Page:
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School of Education Prof Helps Rewrite Illinois School Funding Law

Lindenwood University Associate Professor and School Counseling Program Chair Dr. Sarah Patterson-Mills played a key role in crafting legislation that finally put an end to a two-year school funding crisis in the State of Illinois.

The State General Assembly in August passed a bill which would reformulate the way Illinois schools from kindergarten through high school are funded. The proposed new formula includes language requiring higher thresholds of staffing of guidance counselors, which was based on a white paper largely written by Patterson-Mills.

“The way schools are funded is being changed across the nation because of the Every Student Succeeds Act,” said Patterson-Mills. “It’s up to states to decide how to spend the federal money they’ll be receiving, and we wanted to see a model that requires students have adequate counseling.”

The new school funding bill creates a new K-12 public education funding formula using an evidence-based model for school funding. A unique adequacy funding target for each school district is computed based on the cost of implementing 27 research-based best practices. The greater the student in a district, the higher the district's adequacy target. As new funding for K-12 education is invested, funding goes first to those districts that are the farthest from their adequacy targets.

Patterson-Mills said Chicago-area school districts, which are typically wealthier than those in central and southern Illinois, had an adequate staff of counselors on-hand previously.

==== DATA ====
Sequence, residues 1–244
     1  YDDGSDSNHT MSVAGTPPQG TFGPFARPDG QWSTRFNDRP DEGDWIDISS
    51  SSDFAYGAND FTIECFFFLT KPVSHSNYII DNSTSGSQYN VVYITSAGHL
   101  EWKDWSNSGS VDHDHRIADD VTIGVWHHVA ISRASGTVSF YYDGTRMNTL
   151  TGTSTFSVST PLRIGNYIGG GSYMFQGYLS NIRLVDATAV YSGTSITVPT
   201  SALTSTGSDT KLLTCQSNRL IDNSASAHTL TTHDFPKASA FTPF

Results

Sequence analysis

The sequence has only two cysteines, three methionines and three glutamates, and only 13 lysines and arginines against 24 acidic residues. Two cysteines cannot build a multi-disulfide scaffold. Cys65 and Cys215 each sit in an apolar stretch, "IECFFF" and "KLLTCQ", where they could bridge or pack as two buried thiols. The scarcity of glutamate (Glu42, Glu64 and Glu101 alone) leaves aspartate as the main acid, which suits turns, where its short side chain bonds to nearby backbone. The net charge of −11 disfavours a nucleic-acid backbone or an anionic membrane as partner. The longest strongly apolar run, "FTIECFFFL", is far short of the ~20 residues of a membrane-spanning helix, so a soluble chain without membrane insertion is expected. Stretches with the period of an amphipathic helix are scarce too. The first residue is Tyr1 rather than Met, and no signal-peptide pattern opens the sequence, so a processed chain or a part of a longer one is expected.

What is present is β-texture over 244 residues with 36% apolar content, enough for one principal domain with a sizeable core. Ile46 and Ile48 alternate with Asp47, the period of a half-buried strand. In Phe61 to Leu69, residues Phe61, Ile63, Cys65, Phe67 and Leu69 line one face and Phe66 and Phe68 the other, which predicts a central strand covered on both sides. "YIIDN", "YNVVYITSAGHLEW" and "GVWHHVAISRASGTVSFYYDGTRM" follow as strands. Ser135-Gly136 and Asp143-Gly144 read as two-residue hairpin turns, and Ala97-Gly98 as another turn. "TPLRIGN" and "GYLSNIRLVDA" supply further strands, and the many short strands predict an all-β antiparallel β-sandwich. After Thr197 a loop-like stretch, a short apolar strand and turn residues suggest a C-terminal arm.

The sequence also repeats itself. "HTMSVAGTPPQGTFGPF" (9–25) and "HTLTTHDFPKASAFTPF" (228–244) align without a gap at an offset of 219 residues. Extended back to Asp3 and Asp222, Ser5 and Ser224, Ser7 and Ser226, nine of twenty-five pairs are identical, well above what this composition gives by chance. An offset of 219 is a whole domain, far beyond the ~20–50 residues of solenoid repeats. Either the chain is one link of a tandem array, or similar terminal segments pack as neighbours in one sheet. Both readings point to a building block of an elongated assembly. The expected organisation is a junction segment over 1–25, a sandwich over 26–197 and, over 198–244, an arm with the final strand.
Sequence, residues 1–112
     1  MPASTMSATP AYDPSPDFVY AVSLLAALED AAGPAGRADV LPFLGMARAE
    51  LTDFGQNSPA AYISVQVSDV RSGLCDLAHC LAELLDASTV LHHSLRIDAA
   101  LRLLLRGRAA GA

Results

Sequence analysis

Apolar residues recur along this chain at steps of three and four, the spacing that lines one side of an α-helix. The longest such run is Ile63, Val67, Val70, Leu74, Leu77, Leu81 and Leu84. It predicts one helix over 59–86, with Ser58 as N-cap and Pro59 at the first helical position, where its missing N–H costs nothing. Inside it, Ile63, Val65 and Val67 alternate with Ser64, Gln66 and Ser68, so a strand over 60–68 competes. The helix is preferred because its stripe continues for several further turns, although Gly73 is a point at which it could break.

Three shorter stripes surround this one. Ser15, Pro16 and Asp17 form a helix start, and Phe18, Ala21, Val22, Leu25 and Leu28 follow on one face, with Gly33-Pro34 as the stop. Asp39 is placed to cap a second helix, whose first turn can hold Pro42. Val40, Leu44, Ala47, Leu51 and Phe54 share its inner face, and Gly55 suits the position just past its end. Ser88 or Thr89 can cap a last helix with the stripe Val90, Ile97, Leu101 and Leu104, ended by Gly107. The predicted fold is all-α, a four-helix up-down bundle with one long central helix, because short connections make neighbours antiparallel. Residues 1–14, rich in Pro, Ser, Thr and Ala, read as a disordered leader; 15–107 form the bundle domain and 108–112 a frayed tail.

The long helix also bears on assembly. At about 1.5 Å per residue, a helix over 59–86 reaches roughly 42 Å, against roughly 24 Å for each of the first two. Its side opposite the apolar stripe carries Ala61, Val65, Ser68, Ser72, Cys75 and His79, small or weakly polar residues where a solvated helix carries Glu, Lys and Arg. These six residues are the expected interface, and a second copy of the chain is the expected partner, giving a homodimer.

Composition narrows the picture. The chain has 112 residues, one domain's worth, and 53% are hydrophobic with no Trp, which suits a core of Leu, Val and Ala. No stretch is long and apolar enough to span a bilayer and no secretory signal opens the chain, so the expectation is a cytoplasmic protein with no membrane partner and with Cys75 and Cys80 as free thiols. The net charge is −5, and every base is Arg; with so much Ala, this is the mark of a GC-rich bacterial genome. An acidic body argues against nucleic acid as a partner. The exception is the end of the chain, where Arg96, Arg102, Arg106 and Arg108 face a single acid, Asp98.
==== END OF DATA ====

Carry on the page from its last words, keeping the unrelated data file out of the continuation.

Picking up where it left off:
“This levels the playing field across the state and bring schools south of Chicago up to the standards already in place in the northern part of the state,” Patterson-Mills said.

The language drafted by Patterson-Mills was originally part of a school funding bill that originated in the Illinois Senate in July. It was passed by the Senate and later the House. But Governor Bruce Rauner vetoed it because of objections about money earmarked to bail out the pension funds for Chicago schools. The House over-rode the veto and the Senate was poised to attempt to do the same when an 11th hour compromised removed most of the money for the pension bail out and allowed tax credits for parents to send their children to private schools. Rauner signed the updated bill.

Dr. Therese Chavaux-Turnbull, associate professor of professional and school counseling at Lindenwood Belleville, said it was a long, hard road from the time the original bill was drafted until it was finally passed. But, she said, the wait was worth it.

“For the first time in Illinois, the law requires districts to have adequate ratios for school counselors, including the elementary school level,” Chavaux-Turnbull explained. “This will increase the number of school counselors districts must employ so Illinois students receive the services they need statewide to be supported academically.”

Chavaux-Turnbull said it’s important to make sure all Illinois grade school and high school students get a high-quality education.

“Southern Illinois is often times ignored by the Illinois legislature for its school needs,” Chavaux-Turnbull said. “This bill ensures that students from central and southern Illinois get the same high-quality education students in the Chicagoland area receive.”

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